THADA – new findings on the role of the mother in type 2 diabetes
Research from Lund University in Sweden can explain why type 2 diabetes is inherited to a greater extent from an individual’s mother. The heredity of a previously known risk gene, THADA, has proven to be dominant if it comes from the mother, whereas it has little or no effect on the child’s risk of disease if it originates from the father. “Our research contributes to increased knowledge about the role of the mother and father in the heredity of type 2 diabetes”, says Rashmi Prasad.
The causes of type 2 diabetes are a combination of heredity and environment. However, only up to 15 percentage of the heredity can be explained by genetic factors discovered till date.
Leif Groop, the Lund University professor responsible for the new study, has contributed to a large extent to our current knowledge about heredity and type 2 diabetes. He participated in the first major genetic mapping presented in 2012, which identified a large number of risk genes for type 2 diabetes. He was also part of a Finnish study, which showed in 1996 that the hereditary risk is greater if the mother has type 2 diabetes.
The new study combines knowledge from the previous investigations with new genetic analyses of families in which one parent and a child suffer from type 2 diabetes. The findings from the study explain how the heredity of the disease is passed down within families, whether it comes from the mother or the father. The researchers used data and DNA gathered from two of the world’s largest family studies, the Botnia study in Finland and the Transdanubian Biobank in Hungary. In total, around 4000 families were included in the study of which 2000 were used for the current study.
The results show that the variations in two previously identified risk genes for type 2 diabetes, KCNQ1 and THADA, cause an increased risk of acquiring the disease in the child if they are inherited from the mother (known as the parent-of-origin effect). Inheriting the risk genes from the father, on the other hand, has less or no effect on the risk of disease for the child.
Researchers have previously identified the role of KCNQ1 in heredity between mother and child.
“THADA proved to play an even more important role in the transfer of heredity from the mother to the child, and this was previously completely unknown”, says Rashmi Prasad, responsible for the analyses.
According to the researchers, the fact that the genes inherited from the mother affect the risk of disease probably depends on the genes from the father being silenced in a process known as imprinting. Age and environmental factors expose the genes to chemical changes, known as methylation, which affect their function and in some cases silence the genes.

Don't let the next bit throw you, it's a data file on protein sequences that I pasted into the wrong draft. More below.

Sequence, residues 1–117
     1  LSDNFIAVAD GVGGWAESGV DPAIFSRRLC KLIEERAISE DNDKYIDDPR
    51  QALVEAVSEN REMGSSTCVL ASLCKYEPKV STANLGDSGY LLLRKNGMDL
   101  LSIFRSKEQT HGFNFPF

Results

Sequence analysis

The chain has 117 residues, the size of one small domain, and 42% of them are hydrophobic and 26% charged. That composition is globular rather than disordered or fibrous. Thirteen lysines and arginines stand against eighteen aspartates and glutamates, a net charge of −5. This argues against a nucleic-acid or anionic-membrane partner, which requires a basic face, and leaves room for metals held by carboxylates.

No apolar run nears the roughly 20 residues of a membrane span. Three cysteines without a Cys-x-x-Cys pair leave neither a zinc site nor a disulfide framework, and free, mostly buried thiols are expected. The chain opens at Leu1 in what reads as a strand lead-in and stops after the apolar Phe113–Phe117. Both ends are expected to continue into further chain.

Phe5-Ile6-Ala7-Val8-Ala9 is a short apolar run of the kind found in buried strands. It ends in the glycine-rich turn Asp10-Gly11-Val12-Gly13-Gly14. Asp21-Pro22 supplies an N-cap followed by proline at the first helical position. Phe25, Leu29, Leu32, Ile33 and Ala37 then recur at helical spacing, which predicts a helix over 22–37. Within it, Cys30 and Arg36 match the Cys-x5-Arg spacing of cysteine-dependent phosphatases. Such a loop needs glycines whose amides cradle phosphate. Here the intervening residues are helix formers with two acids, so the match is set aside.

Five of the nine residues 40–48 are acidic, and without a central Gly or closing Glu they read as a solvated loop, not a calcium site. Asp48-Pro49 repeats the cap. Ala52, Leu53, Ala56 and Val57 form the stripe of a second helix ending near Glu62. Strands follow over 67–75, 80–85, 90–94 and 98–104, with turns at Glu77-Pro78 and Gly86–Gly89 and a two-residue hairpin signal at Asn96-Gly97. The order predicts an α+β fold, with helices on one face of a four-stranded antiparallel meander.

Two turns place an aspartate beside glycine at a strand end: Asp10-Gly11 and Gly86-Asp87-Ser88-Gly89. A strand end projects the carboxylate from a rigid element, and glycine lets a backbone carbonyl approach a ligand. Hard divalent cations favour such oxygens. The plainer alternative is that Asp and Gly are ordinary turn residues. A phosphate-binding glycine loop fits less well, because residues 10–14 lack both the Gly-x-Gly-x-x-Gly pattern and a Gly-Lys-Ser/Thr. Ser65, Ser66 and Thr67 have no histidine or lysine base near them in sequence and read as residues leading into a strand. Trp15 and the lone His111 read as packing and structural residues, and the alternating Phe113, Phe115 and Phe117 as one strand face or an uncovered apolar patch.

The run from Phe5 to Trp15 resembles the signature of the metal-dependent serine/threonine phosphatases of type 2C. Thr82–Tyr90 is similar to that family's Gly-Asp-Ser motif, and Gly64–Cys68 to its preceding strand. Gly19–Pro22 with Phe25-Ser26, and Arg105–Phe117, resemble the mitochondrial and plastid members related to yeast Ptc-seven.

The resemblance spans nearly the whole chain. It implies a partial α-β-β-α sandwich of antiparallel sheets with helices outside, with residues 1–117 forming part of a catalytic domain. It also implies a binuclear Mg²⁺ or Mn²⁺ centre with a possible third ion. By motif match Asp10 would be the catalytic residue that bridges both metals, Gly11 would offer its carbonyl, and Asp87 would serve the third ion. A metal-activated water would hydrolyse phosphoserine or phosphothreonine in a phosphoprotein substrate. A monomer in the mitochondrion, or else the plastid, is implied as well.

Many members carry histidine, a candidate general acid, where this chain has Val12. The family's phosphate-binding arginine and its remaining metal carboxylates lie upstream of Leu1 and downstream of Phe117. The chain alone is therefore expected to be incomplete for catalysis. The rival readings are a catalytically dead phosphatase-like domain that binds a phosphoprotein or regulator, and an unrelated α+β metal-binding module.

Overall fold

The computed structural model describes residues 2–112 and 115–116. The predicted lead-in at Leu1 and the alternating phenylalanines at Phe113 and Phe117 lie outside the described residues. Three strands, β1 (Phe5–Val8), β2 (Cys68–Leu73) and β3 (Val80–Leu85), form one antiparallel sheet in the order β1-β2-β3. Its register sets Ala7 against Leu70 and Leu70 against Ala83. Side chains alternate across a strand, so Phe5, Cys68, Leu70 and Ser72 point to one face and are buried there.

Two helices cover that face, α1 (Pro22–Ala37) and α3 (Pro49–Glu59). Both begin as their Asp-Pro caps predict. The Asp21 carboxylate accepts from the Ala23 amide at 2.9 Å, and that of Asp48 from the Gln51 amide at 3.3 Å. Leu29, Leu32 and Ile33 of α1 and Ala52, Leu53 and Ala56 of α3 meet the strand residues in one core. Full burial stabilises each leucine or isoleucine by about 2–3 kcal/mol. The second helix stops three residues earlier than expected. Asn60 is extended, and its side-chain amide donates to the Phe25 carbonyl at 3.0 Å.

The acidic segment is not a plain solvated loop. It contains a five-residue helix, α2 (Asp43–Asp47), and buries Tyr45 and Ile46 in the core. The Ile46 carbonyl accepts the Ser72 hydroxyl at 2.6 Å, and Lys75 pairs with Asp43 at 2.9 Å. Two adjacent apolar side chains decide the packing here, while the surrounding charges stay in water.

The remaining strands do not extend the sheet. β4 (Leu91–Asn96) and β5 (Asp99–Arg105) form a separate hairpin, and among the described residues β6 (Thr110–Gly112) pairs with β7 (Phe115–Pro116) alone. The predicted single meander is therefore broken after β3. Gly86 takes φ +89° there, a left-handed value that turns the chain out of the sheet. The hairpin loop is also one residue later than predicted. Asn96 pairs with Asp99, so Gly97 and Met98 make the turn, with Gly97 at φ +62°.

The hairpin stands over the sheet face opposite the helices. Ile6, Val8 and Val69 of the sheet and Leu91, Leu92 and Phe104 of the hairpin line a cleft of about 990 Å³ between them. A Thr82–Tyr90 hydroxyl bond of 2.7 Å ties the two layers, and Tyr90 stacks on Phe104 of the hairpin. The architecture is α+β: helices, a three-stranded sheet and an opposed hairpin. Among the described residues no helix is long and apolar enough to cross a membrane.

Thus the lifestyle of the mother, with factors such as stress, diet, illness etc., probably affects the future risk of disease in the foetus.
“Even if the father’s lifestyle also affects the future child to some extent, the foetus is exposed for a longer time in utero and during breast-feeding to the influence of the mother’s life and habits. This could explain why heredity from the mother has a greater effect on the child’s genome”, says Leif Groop.
The findings are published in the scientific journal Diabetologia and in an overview of heredity in type 2 diabetes.
Rashmi Prasad, researcher at Lund University Diabetes Centre, Sweden
Tel: +46 40 391 214
Excess maternal transmission of variants in the THADA gene to offspring with type 2 diabetes. Published in Diabetologia.
Facts: Heredity and type 2 diabetes
Type 2 diabetes develops when blood sugar levels are too high over a long time, leading to damage to the eyes, nerves, kidneys and cardiovascular disease. With type 2 diabetes in the family, the risk of an individual developing the disease is three times higher. The risk is greater if the mother has the disease than if the father suffers from it. There are currently over 120 known genetic risk variants associated with type 2 diabetes as they affect the ability of cells to produce or respond to the blood sugar-regulating hormone insulin.
International press officer
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